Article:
Listening to your conscience

Din Din, are you coming to the beach" said Dazel cheerily as she swooped down near Din Din's home at Fruit Park in D'Land.

Din Din stepped out from the confines of his cave home but he looked glum.

"No, my friend, I can't. My mother has gone out for the day to make plum jam with the other female dinosaurs of Fruit Park and she won't be home until night fall," Din Din explained morosely. "And I have to stay home and babysit my brothers."

"Oh come on, Din Din. We had been planning to go to the beach since last week with Delma to look at the oysters which were washed ashore," exclaimed Dazel.

"Oh it's okay," came a voice from inside the cave. It was Derek, Din Din's younger brother. "We can take care of ourselves. You don't need to do us a favour. We aren't babies," Derek finished scornfully.

Din Din lost his temper. "Okay Dazel. If they don't need me, why should I spoil my day and sacrifice for them?"

In a huff Din Din set off towards Delma's lake. Dazel followed him quietly not knowing what to do.

From Delma's lake the three friends set off to the beach that Delma had discovered a few weeks ago. Delma swam alongside them as Din Din followed Dazel's low flight towards the white sandy beach. But Din Din was unable to relish the scenic route. He kept thinking about his brothers.

"I wonder if Derek and the others have had their lunch. Mum had asked me to heat the fruit stew for them. Now that I'm not around, I hope Derek won't try to be over smart and light a fire. He might burn himself!" he mused to himself in agitation.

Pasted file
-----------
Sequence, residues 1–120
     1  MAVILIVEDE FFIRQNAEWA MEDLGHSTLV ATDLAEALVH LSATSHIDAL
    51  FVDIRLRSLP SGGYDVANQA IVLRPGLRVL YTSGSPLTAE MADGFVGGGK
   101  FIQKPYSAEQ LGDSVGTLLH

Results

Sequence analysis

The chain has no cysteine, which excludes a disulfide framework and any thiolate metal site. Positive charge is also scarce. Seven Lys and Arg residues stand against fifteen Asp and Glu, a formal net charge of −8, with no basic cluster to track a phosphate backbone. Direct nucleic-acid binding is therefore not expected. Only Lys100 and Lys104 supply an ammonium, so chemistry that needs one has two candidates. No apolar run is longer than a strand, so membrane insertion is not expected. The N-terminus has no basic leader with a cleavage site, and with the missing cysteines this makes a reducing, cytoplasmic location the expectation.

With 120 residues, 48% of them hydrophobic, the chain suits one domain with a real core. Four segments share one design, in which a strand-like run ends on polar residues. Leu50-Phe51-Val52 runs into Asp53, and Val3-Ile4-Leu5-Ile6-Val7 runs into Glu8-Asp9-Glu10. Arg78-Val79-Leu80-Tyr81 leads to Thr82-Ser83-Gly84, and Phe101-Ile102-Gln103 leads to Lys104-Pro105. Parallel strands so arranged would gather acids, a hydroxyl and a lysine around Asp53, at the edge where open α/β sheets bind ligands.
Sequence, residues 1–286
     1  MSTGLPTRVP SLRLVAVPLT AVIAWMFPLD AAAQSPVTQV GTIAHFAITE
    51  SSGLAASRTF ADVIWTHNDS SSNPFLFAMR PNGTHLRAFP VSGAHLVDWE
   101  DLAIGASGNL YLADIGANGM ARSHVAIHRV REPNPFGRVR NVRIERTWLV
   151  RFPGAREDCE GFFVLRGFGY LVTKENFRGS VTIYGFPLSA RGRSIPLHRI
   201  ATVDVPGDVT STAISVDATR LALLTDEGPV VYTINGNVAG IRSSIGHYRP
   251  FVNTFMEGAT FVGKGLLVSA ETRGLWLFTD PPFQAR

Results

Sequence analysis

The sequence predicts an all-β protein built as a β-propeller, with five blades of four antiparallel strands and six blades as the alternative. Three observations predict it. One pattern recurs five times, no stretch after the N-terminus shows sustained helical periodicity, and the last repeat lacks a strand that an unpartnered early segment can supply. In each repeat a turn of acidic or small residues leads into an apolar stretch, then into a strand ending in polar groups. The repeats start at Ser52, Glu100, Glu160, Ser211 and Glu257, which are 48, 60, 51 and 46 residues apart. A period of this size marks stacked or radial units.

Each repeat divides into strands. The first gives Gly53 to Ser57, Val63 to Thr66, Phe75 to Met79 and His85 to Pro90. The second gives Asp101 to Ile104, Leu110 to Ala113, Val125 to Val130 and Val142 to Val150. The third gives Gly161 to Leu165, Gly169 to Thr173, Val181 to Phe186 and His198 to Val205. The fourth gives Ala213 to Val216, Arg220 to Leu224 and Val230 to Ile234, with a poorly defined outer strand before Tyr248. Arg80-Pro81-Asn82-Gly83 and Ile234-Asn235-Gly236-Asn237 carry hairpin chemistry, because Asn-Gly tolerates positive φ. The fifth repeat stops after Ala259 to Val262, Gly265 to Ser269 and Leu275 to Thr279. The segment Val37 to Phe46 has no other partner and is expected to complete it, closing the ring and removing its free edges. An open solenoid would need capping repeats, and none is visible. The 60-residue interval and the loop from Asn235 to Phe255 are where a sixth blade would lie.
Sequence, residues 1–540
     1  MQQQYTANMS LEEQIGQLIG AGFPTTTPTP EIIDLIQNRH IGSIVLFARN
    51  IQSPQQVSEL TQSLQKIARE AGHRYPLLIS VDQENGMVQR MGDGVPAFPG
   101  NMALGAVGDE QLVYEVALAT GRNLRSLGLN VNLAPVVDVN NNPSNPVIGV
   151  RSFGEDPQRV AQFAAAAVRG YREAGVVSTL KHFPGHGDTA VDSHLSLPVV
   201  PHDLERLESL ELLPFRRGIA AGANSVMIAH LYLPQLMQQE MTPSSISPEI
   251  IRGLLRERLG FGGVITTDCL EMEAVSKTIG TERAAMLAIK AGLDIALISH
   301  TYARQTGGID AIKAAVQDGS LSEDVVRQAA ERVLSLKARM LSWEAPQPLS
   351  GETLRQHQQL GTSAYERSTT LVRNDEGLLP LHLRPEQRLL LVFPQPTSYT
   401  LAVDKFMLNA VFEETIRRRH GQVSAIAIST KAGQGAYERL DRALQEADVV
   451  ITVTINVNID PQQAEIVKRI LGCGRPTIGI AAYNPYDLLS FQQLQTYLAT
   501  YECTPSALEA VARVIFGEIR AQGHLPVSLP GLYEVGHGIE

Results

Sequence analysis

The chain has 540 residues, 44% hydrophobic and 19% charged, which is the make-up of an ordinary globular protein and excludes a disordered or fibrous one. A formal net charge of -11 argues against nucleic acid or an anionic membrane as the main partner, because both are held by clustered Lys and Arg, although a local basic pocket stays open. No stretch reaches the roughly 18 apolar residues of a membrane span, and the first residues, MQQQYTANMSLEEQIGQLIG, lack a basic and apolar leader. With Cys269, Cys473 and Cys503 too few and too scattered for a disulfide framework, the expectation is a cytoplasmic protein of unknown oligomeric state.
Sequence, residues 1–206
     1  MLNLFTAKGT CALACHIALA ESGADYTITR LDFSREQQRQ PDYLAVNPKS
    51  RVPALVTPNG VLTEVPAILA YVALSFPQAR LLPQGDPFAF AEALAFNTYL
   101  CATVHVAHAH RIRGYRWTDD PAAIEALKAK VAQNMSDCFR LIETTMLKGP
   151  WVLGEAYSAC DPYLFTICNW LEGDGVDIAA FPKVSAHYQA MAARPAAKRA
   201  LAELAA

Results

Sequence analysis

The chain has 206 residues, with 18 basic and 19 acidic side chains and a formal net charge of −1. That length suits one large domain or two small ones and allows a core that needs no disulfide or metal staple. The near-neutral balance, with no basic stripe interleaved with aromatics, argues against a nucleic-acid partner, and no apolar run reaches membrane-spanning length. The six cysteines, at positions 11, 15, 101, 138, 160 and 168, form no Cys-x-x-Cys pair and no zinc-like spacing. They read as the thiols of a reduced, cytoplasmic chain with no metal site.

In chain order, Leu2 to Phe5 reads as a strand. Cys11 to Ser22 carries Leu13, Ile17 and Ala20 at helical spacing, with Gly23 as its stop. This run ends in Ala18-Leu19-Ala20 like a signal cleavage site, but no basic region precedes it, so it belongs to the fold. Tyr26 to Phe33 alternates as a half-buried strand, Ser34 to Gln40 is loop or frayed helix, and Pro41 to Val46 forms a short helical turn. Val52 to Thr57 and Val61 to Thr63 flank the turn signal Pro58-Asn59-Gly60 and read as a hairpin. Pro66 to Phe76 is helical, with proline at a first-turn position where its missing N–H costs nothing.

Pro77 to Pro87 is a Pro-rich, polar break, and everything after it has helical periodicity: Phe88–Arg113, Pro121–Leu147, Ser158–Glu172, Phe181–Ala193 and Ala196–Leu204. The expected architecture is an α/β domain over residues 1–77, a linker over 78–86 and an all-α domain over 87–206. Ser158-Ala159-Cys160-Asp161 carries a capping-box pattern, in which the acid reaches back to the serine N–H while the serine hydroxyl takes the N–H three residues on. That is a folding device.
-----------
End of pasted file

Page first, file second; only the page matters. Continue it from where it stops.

"Here it is!" called out Delma from the water's edge. "See the sand, it’s like talcum powder. And have you ever seen such a turquoise hue of the water."

Din Din snapped out of his reverie. "Huh? Are we here already?" Din Din looked at the noisy dance of the lapping waves but it failed to give him pleasure.

Dazel waddled over to a group of oysters nestled near a few rocks. "Oh look! Oysters!" she cried out in pleasure. "This is exactly what we wanted to see! Come Din Din. Aren't they adorable?"

Delma swam up to Dazel and Din Din, near the ridge of rocks where the oysters lay. "You know, Olly the Octopus our teacher at Aquatic School, was saying that there are some oysters that can be eaten. However, these oysters here are pearl oysters."

"Oh wow! Are you saying that all these oysters have a pearl within?" exclaimed Dazel in excitement.

"No dear," replied Delma with a smile. "Each oyster does not produce pearls naturally. In fact, out of three tons of oysters, only three to four oysters produce perfect pearls."

"Din Din, you are awfully silent. Is anything the matter?" asked Delma gently.

Din Din sighed, "I'm feeling guilty for leaving my brothers alone. I've come here with you both but I can't enjoy anything. I'm worried about how they must be doing without me and I'm also feeling terrible because I've broken my mother's trust. She gave me a respon-sibility and I didn't do what an elder brother should," finished Din Din helplessly.